I’ve lately been looking at Pinterest “Winter containers”, and unsurprisingly, a lot of pins are containers designed by Deborah Silver, of Detroit Garden Works. She has a distinctive personal style–you can always identify her designs when you see a page of google images. Here are a few examples:
So I decided to have a go creating my own, using Deborah’s “template”.That includes zip ties, a centre bamboo stake, a mixture of greens, and subtlety.
One thing that’s not obvious at first glance is that all the above containers were full of heavy wet potting soil, which gives a nice solid medium for these top-heavy creations. They were previously filled with plants of some kind–probably annuals, since there’s nothing left of them. In my case since I don’t (or barely) plant annuals, I have containers with either dormant perennials, or shrubs with bare patches.
Since my camera or computer corrupted some of the pre-pictures, I can’t show you what these looked like before I started winterizing them. One held long-since faded pink chrysanthemums which I cut down. Another just a boxwood with a lot of empty space around it. And the third (least successful I’m afraid–I’ll continue to work on it…) a Dwarf Alberta Spruce in a too-small container.
Some of the options I considered for winterizing included:
The main foundation for my additives is conifer branches. I’d love to have had some cedar and some pine, but there weren’t any (free) windfalls. A mixture is good, but in my opinion, if you already have an evergreen shrub that you’re building around, two more different greens is ample, more begins to look a little busy.
Skimmia is easy to prune, since it makes lots of low-to-the-ground branches that I’d prefer to be limbed up a bit. So a clip here and a clip there gives a lovely selection not only of the briliiant red berries, but another non-conifer greenery.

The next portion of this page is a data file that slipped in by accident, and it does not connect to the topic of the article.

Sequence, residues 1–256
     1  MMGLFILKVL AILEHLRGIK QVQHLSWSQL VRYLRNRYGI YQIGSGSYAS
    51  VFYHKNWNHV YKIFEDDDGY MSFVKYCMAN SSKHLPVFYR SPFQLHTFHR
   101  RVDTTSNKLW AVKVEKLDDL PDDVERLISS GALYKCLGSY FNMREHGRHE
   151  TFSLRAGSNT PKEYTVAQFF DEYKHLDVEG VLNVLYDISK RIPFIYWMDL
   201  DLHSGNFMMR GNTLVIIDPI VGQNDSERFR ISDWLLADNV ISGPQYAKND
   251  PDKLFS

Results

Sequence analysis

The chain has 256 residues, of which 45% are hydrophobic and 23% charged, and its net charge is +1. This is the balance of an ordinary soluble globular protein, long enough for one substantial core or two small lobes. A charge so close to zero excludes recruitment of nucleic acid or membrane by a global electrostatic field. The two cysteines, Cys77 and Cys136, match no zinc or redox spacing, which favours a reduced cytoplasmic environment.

Pyracantha is another berry-bearing shrub that can be actively pruned for both it’s greenery and its berries. Just be careful of the thorns.
I used two different Hydrangea blooms–one is ‘Invicibelle’, pink when it’s fresh, with tiny individual blossoms, much smaller than most hydrangeas. The other I used is “Limelight”, with panicle-shaped blooms.
Here are my final products.
I used the red-twig dogwood, bundled together with zip ties onto a bamboo stake, plunged down into the centre of the container. This is where you need to be careful if you’re modifying a container that otherwise has dormant perennials. I didn’t think there was much risk of damaging the mums…
Then came the conifer branches, mostly Douglas-fir. The light blue/silver is actually just the underside of the Doug-fir, providing colour variation, but same texture. There is also some silvery spruce which are more densely needled, and stiffer, so they stand up better. The Doug-fir with its weak branches tumbles over the edge, hiding the not very attractive container. And a few crocosmia stems with their seed heads are sticking out like satellites!
And finally the boxwood container:
Not exactly up to Deborah Silver’s standard, but she’s a hard act to follow! At least these give you an idea of what you might do–and no doubt, do with more flair than I’ve achieved here. But I’m learning…